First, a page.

The curiosity in humans gives us the desire to learn, to explore, and to understand. These qualities have led us to many triumphant discoveries, not only in learning about the physics and inner workings of our planet, but also to push us to go beyond our atmosphere.
From the first human steps on the moon to putting a rover on Mars, scientists and astronauts have made a lot of progress. However, the truth is that space age exploration and science is only just starting. There are many questions left to be answered and many technologies to be developed. Luckily, space science is quickly advancing.
As a field, bioengineering encompasses such a great assortment of research and innovation. Bioengineering is helping to eradicate diseases, provide non-narcotic, anti-cancer medicine, and create anti-bacterial surface inspired by dragonflies. These inventions in bioengineering are great, and can tremendously help medically vulnerable populations across the globe, but astro-bioengineering is taking the field even further.
Sending people into space, as you might imagine, is no simple task. Space was clearly intended to kill humans, not to support them, and overcoming obstacles such as being able to breathe are really some of the more basic concerns. In space, people also have to deal with temperature extremes, radiation levels, and severe pressure.
The University of Arizona reports that bioengineering, particularly neuroprosthetics, “where implantable technology is used to prevent bouts of depression and epileptic seizures, suppress tremors caused by Parkinson’s disease, or restore hearing or vision.” Eventually, this technology can be used to create superhumans.
According to the report by the university, there are already FDA-approved retinal implants used on the blind to not only help them see, but to give them enhanced vision that goes beyond what the average human eye can see.
Nurses and Medical Research
Nurses are essential to the enhancement of medical research, and that is no exception when it comes to space-based research. According to the Astronaut, medical technology currently being made for astronauts in space could eventually be used on Earth. This would include “lightweight and unobtrusive measurement and diagnostic tools as well as real-time tracking of even more data as collection techniques develop.”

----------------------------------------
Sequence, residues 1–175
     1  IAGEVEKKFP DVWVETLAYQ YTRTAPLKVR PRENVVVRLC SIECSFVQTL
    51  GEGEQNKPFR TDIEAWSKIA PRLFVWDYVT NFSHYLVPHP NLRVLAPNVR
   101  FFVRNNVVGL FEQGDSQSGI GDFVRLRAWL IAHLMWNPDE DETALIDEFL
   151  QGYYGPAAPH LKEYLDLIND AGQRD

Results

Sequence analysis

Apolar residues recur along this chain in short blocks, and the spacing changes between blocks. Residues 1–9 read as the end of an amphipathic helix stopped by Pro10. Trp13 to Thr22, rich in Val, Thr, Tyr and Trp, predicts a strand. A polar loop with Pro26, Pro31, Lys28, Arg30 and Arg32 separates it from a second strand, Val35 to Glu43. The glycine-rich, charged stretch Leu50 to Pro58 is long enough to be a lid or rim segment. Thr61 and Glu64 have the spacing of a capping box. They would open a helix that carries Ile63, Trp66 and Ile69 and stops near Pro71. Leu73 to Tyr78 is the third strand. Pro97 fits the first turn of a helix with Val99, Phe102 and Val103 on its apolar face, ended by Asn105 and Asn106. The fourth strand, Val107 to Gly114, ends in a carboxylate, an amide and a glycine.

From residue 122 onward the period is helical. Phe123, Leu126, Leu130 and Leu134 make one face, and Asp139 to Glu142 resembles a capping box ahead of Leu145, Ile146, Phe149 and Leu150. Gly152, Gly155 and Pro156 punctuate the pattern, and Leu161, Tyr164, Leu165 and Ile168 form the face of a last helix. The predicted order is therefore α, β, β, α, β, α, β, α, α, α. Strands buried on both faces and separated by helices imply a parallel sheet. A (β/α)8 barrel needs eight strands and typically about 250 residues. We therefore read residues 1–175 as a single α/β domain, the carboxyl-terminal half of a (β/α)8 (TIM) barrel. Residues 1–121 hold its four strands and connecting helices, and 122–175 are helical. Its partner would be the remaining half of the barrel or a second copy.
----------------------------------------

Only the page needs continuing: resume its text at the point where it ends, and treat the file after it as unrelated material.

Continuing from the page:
Because astronauts need reliable medical tools that are easy to use, it helps advance medical technology. Though often this technology is made for astronauts, a lot of it has the potential to be used for people on Earth in the future.
One such development is an antibiotic gel by Tympanogen, Inc. This development would help long-term astronauts heal their wounds, but it’s not perfect. Improper application of the gel could result in conditions such as sepsis.
For decades, the idea of sending people to space permanently has been floating around. Of course, this requires extensive research and development in technology to become a reality. While we might not be quite ready to load up space ships with the future inhabitants of Mars, the research for the technology necessary to do that is already underway.
NASA is currently trying to work out feasible methods to farm in space with their Advanced Plant Habitat. This is a structure that controls oxygen, nutrient levels, and temperature to viable growing conditions, and is maintained by a computer system.
The advancement of all these technologies will help not only bring people one step further to life in space, but can also have life-saving applications on Earth. The future of space-based research is bright and as limitless as the universe it studies.
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